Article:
SUPERFOODS The high vitamin and mineral content found in superfoods can help the body fight disease and improve wellness. When incorporated into a well-balanced diet, these foods can promote heart health, weight loss, improve energy levels and even reduce the effects of aging. Superfoods include barley grass, spirulina, and chlorella, which contain high concentrations of vitamins, minerals, enzymes, amino acids, and antioxidants, plus they are rich in non-animal protein. These are recommended for people with low energy, allergies, 12

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CRYOTHERAPY Cryotherapy is the modern take on the ice bath. Called the "icebox difference," the process involves exposing the whole body to nitrogen-cooled air for three to four minutes. Coaching and soft music help to cope with mild discomfort. Exposure to very low temperatures elevates the body's metabolism and immune sys-


alternative health NUTRITIONAL COUNSELING Nutritional counseling is a process by which a health professional with special training in nutrition helps people make healthy choices and form healthy habits. The goal of nutritional counseling is to help patients stay healthy, fight infections, and prevent the recurrence of disease. In Georgetown, N4H Research uses a unique approach that combines medical history, labs, dietary habits, and personal goals to provide holistic healthcare. Dr. Glen Luepnitz, who has a Ph.D. in Nutritional Counseling believes, in some cases, genetic (DNA) predispositions play an important role in the client’s plan of action. He is also a Diplomat in Pastoral Medical Counseling and says, "My goal is to educate patients, so they feel comfortable with their medical decisions. I address their concerns with nutritional advice, a personalized supplement protocol, and a full review of their medical history and recent lab results. Together we decide on a preventive care plan, which may include supplements, exercise, diet, and other options."

This type of therapy assists clients with many health concerns including, but not limited to, digestive issues, autoimmune diseases, mental health conditions, and inflammation. Specifically, Dr. Luepnitz also specializes in counseling cancer patients and athletes.

tem and increases energy, aiding weight loss. It addresses muscle and joint pain, arthritis, the healing of wounds such as post-surgical incisions. Mood improvements can stem from the release of endorphins and natural adrenaline. Because of a metabolic boost, improved blood flow can give the skin a younger appearance. The main risk is possible skin irritation. Pregnant women and people with heart problems, high blood pressure, or neuropathy shouldn't try cryotherapy.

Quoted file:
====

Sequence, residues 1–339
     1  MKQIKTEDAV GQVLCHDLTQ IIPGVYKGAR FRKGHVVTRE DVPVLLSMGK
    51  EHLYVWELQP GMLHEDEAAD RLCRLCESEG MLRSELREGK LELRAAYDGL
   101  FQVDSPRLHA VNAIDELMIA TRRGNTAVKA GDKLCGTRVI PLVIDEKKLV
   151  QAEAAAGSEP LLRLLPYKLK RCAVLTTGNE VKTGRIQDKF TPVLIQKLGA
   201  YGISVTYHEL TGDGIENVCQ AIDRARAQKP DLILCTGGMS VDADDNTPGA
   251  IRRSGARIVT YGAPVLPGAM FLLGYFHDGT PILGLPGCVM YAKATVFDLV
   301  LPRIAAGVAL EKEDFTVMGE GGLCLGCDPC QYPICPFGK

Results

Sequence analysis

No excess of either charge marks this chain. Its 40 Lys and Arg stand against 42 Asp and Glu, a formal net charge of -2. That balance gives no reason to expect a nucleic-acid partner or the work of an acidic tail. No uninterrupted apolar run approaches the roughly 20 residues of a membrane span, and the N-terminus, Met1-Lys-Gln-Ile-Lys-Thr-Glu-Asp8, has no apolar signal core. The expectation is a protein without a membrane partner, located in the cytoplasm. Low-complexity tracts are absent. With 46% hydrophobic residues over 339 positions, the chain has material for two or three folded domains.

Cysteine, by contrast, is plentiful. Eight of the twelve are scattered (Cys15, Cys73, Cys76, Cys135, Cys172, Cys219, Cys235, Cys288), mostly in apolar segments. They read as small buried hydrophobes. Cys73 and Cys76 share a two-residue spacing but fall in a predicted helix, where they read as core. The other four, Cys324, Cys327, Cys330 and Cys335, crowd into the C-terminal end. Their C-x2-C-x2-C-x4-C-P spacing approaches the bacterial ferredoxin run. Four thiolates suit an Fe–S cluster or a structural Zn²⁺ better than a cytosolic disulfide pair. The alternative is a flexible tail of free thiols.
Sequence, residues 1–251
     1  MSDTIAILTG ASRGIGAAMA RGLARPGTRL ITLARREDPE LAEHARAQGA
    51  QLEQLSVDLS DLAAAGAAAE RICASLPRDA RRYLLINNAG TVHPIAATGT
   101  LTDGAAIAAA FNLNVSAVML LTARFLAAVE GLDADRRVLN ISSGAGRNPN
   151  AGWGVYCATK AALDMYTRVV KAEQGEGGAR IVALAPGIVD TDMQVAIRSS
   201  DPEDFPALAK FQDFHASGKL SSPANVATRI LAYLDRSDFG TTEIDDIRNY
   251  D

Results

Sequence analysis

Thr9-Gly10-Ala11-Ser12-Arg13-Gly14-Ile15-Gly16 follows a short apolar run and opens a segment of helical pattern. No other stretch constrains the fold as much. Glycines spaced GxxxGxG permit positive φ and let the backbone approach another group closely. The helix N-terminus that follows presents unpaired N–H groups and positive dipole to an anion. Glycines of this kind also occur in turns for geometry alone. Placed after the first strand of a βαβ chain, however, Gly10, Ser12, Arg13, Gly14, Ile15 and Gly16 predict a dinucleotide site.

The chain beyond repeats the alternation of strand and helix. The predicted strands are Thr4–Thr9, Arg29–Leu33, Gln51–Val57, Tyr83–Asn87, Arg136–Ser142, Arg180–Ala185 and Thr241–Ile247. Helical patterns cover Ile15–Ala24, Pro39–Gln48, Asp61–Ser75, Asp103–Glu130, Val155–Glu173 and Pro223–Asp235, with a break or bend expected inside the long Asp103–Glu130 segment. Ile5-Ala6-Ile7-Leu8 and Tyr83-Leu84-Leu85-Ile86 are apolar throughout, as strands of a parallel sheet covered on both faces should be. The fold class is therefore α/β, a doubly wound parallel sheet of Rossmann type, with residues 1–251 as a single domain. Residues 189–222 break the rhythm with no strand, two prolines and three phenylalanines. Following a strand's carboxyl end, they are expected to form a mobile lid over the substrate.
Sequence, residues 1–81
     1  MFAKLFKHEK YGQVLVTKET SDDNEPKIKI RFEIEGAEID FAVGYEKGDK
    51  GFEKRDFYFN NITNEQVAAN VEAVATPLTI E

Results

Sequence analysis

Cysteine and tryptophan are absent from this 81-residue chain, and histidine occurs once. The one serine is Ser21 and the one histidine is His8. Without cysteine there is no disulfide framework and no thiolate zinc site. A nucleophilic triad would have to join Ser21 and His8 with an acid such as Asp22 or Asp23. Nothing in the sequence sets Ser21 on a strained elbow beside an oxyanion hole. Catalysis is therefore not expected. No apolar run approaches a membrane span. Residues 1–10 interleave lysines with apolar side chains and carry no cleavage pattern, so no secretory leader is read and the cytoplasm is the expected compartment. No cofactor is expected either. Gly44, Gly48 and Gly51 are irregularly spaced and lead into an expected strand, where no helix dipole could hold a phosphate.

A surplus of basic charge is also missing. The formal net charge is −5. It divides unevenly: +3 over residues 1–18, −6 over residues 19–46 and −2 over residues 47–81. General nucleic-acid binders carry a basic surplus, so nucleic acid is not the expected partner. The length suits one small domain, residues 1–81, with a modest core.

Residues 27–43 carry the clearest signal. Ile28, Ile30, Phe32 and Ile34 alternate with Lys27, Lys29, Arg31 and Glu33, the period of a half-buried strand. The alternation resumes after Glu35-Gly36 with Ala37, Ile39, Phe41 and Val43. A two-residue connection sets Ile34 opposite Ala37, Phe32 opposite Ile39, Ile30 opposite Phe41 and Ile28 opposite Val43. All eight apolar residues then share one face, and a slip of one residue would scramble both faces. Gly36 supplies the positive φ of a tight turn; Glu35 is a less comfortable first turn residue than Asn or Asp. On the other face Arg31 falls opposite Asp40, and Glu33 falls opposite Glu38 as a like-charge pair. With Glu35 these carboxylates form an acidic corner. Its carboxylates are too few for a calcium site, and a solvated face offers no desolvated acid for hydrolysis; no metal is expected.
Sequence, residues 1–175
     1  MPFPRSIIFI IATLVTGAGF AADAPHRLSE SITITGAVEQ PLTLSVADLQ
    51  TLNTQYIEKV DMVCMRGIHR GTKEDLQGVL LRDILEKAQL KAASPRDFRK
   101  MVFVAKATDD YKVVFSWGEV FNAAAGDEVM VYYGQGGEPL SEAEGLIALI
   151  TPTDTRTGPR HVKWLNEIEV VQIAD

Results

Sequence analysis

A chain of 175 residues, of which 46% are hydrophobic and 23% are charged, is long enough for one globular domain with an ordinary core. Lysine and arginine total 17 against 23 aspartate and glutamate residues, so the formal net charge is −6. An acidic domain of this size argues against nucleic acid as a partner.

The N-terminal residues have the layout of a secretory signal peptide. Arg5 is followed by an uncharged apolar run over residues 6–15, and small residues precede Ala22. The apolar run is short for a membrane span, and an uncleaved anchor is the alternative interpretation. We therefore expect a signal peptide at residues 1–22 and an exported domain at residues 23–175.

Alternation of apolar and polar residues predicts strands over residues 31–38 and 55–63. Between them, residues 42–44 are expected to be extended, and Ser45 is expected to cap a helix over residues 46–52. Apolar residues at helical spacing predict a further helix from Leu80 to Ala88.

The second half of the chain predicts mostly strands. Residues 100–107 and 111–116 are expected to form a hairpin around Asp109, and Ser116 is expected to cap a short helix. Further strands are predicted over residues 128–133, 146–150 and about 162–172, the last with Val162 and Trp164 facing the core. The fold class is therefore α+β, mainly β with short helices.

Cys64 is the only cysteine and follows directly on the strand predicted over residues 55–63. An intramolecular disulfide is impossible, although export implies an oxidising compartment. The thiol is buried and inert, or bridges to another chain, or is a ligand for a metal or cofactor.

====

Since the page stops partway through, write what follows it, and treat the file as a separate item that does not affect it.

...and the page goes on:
STRETCH THERAPY The average person sits for anywhere between six to eight hours every day, which adds up over time. Stretch practitioners help clients with assisted, dynamic stretching exercises using straps and stabilized tables or surfaces. Just like gym trainers, stretching practitioners ensure every muscle and joint of the body is healthy, relaxed, free from pain and stress. Developed in 1999 by Jorden Gold, practitioner-assisted stretching re-establishes a per-

son's ideal resting muscle tone. Jorden was encouraged to switch from training to stretching by the results he saw in his professional athletes, and he developed a proprietary methodology and table. Stretch methods address muscle imbalances, joint stiffness, and sleep problems but also improve circulation and can also heal joint ailments like arthritis. Regular stretching may improve overall health by reducing stress and muscle tension and gradually increasing the range of motion in joints. It is also known to boost athletic performance significantly. The process begins with clients lying down on a cushioned stretching table, while a trained practitioner positions, stabilizes, and isolates muscles. Clients relax while the professional isolates problems and holds the poses. The risk with stretching is having it done by someone who is not trained correctly in dynamic stretching techniques. This approach is not recommended for those with osteoporosis or hypermobility (extreme flexibility).

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hometown heroes

by Charlotte Kovalchuk photos by JoAnn Reiter

Big House for Big Dogs New Bunkhouse Opens Doors at Living Grace Canine Ranch